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Letters week of Sept. 25, 2008

September 25, 2008
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A Woman for President, Yes; but Not This Woman

Jonathan Tobin extol's Sara Palin's Republican Convention speech and makes a strong comparison between it and the historic "Cross of Gold" speech by William Jennings Bryan, ending his piece by saying "it is possible that we have just been introduced to the woman who may become our first female president" (A Matter of Opinion: "There's Something About Sarah," Sept. 11).

While Bryan no doubt composed his own speech, Palin reportedly said, in the days before her convention appearance, that she'd been "rehearsing the speech they gave me."

I would very much like to see a woman president, but not this woman.
Ruth Harman
Berwyn

 
Can Anyone Seriously Visualize President Palin?

I admit to being both a liberal and a feminist, but it is not these identities that make me shudder at the possibility of a Sarah Palin presidency.

Jonathan Tobin believes that opposition to Palin from women such as myself would stem from the fact that "she's the embodiment of [a] small-town American" and not my "kind of woman." He also assumes that I would be upset about "the idea that a conservative woman may be the one to break the glass ceiling."

But what chills me isn't that she's a conservative woman, but that she's the person she is.

Is Tobin comfortable with the prospect of a president who wants creationism taught on an equal basis with evolution, who has explored the idea of having books banned in a local library, who sees no need for separation of church and state, and who has so very little knowledge of foreign affairs?
Betty Aptaker
Langhorne

 
He's Opposed Because of Palin's Inexperience

Jonathan Tobin's column (A Matter of Opinion: "There's Something About Sarah," Sept. 11) uses the terms "patronizing contempt," "snobbish distaste" and "small-town American" to mischaracterize the "liberal" opposition to Sarah Palin. Actually, the opposition is very fact-based, such as the following:

She has a conservative, evangelical ideology that has been disastrous for our country under President Bush.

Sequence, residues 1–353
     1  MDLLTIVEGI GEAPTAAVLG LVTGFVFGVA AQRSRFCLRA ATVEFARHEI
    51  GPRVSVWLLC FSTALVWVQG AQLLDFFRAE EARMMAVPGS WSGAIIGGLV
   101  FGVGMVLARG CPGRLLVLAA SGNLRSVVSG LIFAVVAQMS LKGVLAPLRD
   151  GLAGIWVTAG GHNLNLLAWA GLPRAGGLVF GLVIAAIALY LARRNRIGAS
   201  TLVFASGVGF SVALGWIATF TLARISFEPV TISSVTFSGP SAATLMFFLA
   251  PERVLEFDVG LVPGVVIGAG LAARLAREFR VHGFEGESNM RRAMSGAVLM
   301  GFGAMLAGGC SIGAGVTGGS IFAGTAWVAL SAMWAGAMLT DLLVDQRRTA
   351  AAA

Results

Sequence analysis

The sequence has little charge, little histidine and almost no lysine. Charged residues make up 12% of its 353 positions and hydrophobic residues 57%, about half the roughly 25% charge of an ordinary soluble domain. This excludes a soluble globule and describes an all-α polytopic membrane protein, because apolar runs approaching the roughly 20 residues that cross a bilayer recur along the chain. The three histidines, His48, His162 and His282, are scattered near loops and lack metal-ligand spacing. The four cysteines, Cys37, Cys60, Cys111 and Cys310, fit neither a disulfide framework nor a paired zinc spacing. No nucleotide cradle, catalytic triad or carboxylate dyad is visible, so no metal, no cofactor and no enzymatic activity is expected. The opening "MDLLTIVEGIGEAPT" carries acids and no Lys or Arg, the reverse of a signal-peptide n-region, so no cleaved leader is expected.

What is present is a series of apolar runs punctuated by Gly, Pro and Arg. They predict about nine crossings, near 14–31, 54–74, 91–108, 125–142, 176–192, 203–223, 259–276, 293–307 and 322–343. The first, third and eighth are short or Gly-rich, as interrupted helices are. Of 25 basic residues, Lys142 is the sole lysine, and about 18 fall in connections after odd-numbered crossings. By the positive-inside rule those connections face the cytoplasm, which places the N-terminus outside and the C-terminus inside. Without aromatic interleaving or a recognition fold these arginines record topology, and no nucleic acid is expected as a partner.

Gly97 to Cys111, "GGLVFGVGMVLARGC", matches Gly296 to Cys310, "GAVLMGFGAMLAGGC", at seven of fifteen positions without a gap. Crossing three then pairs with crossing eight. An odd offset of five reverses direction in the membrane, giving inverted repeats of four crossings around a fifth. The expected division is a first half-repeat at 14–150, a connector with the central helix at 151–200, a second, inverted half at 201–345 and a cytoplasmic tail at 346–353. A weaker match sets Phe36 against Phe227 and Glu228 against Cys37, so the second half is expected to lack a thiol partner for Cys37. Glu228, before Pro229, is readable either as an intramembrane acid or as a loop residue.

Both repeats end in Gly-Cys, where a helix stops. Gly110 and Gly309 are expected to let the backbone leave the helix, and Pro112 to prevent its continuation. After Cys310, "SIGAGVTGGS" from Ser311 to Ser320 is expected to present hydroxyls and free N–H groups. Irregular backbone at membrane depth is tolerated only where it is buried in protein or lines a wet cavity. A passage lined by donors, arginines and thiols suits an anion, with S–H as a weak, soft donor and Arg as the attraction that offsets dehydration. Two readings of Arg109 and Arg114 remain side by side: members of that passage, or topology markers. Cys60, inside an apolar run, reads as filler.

Her major political experience has been as the mayor and a city council member of a small town and a brief, current stint as governor, with minimal involvement in national and international affairs.

In addition, by now, everyone should be aware that she supported the "Bridge to Nowhere" until the earmark was going nowhere, though she still kept the money. Claiming to be a reformer, she's been a champion of earmarks at the state and local level, hiring a lobbyist for just that purpose.

She even claims foreign policy experience based on the closeness of Alaska to the desolate eastern region of Russia, a country she has never visited.

Accordingly, it is only a conservative bias that finds her qualified for a position she couldn't get if the measure used were her merits.
Elkan Katz
Philadelphia

 
Palin: A Fundamentalist and a Threat to the Law

Jonathan Tobin misses the point by repeating the conservative line that Democrats are worried about the effect of Sarah Palin's entry into the election (A Matter of Opinion: "There's Something About Sarah," Sept. 11).

Liberal Jews do not see the Palin phenomenon as a nightmare. Rather, we consider Palin an ideologue at odds with what we see as a healthy course for our country.

Her convention speech was mean-spirited, with derisive misrepresentations of Obama's record; half-truths and misrepresentations of her record as a mayor and governor; an absence of substance on the issues; and a lock-step agreement with the social values that fundamentalist Christians are trying to make the law of the land.

Palin believes her opinions are the only correct ones, wishes to legislate accordingly -- and believes God supports her efforts! That should give all Jews pause, regardless of their political leaning.

The fact that John McCain chose such a person as his running mate speaks volumes about him as well.
Steven J. Barrer
Huntingdon Valley

 
Jewish Working Mom and Wife Likes Sarah Palin

Jonathan Tobin caught the essence of Sarah Palin in his recent column (A Matter of Opinion: "There's Something About Sarah," Sept. 11), while still allowing readers to view it all with an open mind -- if they could allow themselves such a luxury.

I'm a successful Jewish working mom and wife who definitely identifies with Palin -- not the non-juggling, unmarried, childless Gloria Steinems of the world. It's just so sad that women have never learned to rally around one another.
Jacqueline Shulman
Rydal

 
Don't Believe the Left's Disinformation on Palin

We're all entitled to our opinions, but what we're not entitled to is making up facts to suit our political preferences. There were several mistaken "facts" in Jill Zippin's letter to the editor (Letters: "No Mistaking Candidate's Stand on Abortion Rights," Sept. 11).

Gov. Sarah Palin has never tried to ban any books in any library in our country. She does not oppose abortion in the case of rape or incest, and never made any attempt to raise this issue during her tenure as Wasilla mayor or during her two years as governor of Alaska.

Finally, regarding the teaching of creationism in public schools, she questioned whether it could be introduced concurrently with evolution as a critical thinking exercise. When there was no enthusiasm for this suggestion, she never again raised the issue.

The smear campaign emanating from the left-wing blogosphere is the source of all this disinformation.
Robert A. Wachter
Huntingdon Valley

 

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